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Friday, August 29, 2014
Amsterdam, NY ,
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Keeping at least one finger on the pulse

Thursday, February 20, 2014 - Updated: 8:56 AM

Those we choose to lead us have to keep one good finger on the pulse. It's a job requirement. We appreciate it when our elected leaders appear able to discuss current events. We expect it, actually. It shows they've been paying attention. We notice it, however, when it appears they can't.

Which is why we were surprised by the questions asked by 2nd Ward Alderwoman Valerie Beekman Tuesday night during an Amsterdam Common Council committee meeting. Among the items on the agenda was a discussion local municipal boards have been asked to have regarding the potential siting of a casino in Montgomery County.

It's been in all the papers (after having been in this one a couple of times). It has been discussed on the airwaves and, we have to believe, at the coffee shop, sewing bee, and corner tavern. It's been pretty hard to ignore.

We are among the handful of counties in the capital region that is being considered for a casino gambling operation. A pair of properties along Route 30 near the border of the city of Amsterdam and the town of Florida are being promoted as a potential site. The 512 acres feature road frontage bordering the southern side of the state Thruway near Amsterdam's Exit 27. So, the location has been identified.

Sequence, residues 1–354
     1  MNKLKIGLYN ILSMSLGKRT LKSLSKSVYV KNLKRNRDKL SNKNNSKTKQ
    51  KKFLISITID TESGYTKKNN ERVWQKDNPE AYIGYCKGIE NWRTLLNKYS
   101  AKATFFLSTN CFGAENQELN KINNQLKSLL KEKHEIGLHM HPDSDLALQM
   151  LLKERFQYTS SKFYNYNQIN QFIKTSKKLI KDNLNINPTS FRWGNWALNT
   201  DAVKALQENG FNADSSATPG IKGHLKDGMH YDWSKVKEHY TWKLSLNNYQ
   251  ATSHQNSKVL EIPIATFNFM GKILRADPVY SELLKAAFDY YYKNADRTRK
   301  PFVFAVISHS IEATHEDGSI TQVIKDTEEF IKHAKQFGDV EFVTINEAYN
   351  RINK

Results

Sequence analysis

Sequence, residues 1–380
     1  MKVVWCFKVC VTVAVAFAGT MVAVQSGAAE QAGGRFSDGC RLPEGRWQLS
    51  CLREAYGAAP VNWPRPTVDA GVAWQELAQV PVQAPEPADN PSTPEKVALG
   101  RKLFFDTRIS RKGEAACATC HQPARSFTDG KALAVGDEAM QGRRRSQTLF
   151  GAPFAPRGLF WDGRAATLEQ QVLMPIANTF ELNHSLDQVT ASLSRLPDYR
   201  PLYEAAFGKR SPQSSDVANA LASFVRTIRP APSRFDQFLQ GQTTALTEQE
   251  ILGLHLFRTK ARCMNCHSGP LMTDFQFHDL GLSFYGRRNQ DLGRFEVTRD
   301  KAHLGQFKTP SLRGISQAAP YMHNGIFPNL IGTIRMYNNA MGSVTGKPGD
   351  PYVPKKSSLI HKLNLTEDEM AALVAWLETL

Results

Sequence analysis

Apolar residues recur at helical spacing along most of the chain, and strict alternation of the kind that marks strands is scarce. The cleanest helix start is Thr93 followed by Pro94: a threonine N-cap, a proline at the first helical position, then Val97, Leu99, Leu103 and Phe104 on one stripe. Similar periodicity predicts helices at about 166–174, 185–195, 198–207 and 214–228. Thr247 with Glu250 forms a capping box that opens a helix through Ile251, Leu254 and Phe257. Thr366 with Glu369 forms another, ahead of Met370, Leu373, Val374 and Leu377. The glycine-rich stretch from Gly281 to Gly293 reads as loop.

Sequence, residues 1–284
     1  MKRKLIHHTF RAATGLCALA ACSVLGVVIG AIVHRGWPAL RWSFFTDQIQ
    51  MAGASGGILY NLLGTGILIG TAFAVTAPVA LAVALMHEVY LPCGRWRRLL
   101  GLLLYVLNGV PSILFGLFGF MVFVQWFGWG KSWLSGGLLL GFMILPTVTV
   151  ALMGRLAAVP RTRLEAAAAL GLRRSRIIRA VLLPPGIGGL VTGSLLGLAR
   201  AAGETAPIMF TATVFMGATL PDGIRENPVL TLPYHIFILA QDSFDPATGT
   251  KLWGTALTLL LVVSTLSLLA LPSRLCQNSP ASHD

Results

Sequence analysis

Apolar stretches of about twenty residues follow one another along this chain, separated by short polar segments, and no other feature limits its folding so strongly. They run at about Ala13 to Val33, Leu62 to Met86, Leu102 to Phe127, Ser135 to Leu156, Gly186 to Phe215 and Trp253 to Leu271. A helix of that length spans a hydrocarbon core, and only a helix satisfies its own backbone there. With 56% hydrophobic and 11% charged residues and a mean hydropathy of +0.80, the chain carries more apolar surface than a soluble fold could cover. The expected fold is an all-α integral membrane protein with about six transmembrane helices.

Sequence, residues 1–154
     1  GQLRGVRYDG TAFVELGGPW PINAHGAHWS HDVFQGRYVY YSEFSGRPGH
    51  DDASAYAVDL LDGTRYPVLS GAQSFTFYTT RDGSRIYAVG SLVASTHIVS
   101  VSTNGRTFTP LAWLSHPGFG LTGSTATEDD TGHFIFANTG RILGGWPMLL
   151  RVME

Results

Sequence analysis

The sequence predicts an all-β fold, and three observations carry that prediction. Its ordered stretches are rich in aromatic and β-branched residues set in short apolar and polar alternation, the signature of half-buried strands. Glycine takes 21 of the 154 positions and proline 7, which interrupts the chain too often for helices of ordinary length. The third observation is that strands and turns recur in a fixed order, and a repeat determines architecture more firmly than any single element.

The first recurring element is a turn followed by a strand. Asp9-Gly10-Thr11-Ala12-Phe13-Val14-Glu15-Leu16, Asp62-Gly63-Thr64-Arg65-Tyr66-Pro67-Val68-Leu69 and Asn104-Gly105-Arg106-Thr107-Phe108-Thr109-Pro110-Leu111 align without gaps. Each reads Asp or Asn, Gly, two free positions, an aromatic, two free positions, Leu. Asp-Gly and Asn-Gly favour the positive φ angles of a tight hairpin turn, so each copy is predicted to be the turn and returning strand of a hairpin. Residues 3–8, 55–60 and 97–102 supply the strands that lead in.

Step 12 in a 1,000-step process involves the city, the town of Florida and the county legislature lending their support to the idea. It's a rudimentary action required by the state. The county is already on board. Florida is expected to talk about it Monday night.

This part we get. Again, this is no longer new news. Alderwoman Beekman made it seem otherwise.

"Are we just looking for land?" she asked Tuesday. "Or looking for property? Looking where to put this?"

No, no and no.

She also asked if a casino would be beneficial to Amsterdam. And if a casino in Saratoga Springs -- which is considered the regional front-runner for such an operation -- would be more beneficial.

Well, yes and not as much.

Aside from the fact that the local potential for jobs (construction and gaming), infrastructure revenue (water and sewer chief among them), spin-off businesses, traffic and visitors could make it a revenue-generating game-changer, it does, granted, have its downfalls. But this is not the conversation at this stage of the game.

The conversation right now is: Do we want to be dealt in?

Yes.

A follow-up question might be: You heard about this, right?

Please say yes.

     

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